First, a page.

A Democrat-led attempt to weave anthropogenic climate change into the political backdrop for future Congressional legislation failed to achieve a vote Monday, after Senator Jim Inhofe (R-Okla.) blocked the measure.
Inhofe objected to the resolution, which – according to the Democratic Senate web page – expresses “the sense of the Senate regarding global climate change.”
That sense, of course, is that climate change poses a risk to the Nation. “All we wanted to say in this resolution is climate change is happening,” said Senator Barbara Boxer (D-Calif.) “We can’t afford to sit around here debating whether climate change is real.”
Senator Amy Klobuchar (D-Minn.), who submitted the resolution, said the goal was to establish a common assumption about the reality and the effects of global warming, from which the Senate could proceed as it takes up future climate change-related measures. “We know we have a problem,” said Klobuchar.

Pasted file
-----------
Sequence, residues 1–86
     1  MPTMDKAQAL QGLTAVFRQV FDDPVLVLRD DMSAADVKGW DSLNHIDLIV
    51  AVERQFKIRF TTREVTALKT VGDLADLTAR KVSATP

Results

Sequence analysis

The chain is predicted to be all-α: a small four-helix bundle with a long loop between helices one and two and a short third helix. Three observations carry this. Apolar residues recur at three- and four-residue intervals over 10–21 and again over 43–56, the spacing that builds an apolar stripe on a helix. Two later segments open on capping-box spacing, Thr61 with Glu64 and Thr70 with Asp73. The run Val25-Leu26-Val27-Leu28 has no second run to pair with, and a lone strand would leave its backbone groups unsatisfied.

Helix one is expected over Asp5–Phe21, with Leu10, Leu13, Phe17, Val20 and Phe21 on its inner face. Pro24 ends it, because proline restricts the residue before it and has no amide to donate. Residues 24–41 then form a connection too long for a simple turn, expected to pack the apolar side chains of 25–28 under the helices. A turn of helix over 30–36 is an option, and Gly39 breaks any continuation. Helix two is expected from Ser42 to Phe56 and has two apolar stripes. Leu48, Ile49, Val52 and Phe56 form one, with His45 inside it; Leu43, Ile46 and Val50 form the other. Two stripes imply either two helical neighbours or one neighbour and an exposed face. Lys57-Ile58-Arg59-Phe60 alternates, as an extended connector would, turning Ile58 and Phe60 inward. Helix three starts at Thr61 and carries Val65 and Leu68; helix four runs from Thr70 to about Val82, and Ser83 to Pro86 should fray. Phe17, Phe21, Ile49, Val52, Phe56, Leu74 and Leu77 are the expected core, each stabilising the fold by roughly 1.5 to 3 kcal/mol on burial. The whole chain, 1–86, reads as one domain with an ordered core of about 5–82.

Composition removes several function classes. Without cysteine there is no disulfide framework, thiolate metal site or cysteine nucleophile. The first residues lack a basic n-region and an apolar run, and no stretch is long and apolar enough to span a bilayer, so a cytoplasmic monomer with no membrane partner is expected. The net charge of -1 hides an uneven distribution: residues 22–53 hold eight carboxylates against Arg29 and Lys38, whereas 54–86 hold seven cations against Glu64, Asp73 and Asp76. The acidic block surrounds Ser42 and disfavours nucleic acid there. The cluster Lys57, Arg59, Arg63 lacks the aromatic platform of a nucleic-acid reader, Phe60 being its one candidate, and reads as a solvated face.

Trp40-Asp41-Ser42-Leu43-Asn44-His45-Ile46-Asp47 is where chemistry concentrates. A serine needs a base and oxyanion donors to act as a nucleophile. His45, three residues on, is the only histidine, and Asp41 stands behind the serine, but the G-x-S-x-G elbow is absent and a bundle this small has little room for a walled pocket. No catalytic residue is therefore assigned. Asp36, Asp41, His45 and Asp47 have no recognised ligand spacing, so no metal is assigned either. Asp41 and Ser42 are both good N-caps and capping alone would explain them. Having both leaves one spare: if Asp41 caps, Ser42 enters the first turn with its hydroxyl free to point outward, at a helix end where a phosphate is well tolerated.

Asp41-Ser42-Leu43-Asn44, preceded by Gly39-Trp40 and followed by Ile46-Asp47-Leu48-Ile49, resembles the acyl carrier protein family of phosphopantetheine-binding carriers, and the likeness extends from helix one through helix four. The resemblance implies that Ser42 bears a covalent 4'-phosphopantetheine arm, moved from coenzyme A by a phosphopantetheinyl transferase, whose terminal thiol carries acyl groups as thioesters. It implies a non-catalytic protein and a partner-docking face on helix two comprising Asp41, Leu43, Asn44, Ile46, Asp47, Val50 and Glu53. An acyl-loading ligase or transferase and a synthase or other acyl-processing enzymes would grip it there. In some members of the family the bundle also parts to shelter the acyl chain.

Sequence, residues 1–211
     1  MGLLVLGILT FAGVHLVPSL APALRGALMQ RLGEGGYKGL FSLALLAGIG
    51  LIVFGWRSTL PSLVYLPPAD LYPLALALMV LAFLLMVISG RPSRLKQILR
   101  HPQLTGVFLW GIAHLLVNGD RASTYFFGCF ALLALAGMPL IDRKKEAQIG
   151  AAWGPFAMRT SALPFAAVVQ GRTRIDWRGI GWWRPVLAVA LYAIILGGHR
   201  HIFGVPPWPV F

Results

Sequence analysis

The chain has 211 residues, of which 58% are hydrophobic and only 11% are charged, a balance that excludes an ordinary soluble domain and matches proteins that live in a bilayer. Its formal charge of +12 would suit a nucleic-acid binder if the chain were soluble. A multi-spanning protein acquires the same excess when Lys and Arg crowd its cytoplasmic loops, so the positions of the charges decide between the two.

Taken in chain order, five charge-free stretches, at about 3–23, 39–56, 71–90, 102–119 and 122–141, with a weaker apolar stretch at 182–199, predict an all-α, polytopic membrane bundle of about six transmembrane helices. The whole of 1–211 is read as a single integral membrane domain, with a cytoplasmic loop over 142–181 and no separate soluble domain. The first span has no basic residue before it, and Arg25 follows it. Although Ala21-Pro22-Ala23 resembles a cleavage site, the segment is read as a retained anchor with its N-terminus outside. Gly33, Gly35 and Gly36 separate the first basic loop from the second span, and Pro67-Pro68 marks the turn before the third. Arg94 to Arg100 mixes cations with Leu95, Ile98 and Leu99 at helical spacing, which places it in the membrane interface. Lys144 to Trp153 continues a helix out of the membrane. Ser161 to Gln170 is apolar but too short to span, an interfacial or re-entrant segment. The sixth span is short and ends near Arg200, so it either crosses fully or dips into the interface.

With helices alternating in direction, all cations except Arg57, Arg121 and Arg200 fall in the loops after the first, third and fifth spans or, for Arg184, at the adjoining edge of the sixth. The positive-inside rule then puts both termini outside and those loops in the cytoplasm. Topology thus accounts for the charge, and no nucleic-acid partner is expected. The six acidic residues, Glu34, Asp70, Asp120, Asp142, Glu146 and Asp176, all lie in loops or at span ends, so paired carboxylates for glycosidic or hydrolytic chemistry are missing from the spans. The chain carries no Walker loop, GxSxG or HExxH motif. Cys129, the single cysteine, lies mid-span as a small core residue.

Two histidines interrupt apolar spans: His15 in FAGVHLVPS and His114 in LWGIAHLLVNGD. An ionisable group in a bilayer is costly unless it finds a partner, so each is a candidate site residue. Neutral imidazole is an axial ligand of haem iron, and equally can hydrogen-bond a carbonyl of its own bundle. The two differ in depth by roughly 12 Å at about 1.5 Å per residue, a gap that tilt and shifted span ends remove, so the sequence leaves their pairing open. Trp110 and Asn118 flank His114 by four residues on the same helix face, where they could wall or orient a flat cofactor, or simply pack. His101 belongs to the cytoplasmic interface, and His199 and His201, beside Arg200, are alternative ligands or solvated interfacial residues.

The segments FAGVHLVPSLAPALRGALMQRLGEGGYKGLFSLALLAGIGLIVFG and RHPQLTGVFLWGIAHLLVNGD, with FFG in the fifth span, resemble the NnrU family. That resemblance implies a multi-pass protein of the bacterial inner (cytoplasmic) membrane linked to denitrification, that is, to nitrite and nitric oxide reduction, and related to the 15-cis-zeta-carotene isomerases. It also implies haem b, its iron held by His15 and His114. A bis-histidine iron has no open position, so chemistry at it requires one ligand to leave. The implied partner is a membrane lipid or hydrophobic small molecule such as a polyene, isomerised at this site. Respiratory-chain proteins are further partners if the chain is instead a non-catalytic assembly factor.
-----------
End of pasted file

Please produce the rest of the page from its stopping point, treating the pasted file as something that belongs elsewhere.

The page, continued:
But Inhofe, who has a history of questioning the policy significance of climate change, maintained that “we” do not know that we have a problem, and that there’s not as much global political consensus on the matter as the measure’s supporters wanted to reach in the Senate.
“What we should be doing is learning from the international community. Just last week, Australia repealed its much-hated carbon tax, the same thing that’s been promoted right now – either cap or trade or tax on carbon,” he said.
Klobuchar said she plans to bring the resolution up for a vote again because, according to The Hill, she feels the Senate “looks ‘silly’ for ignoring scientific agreement.”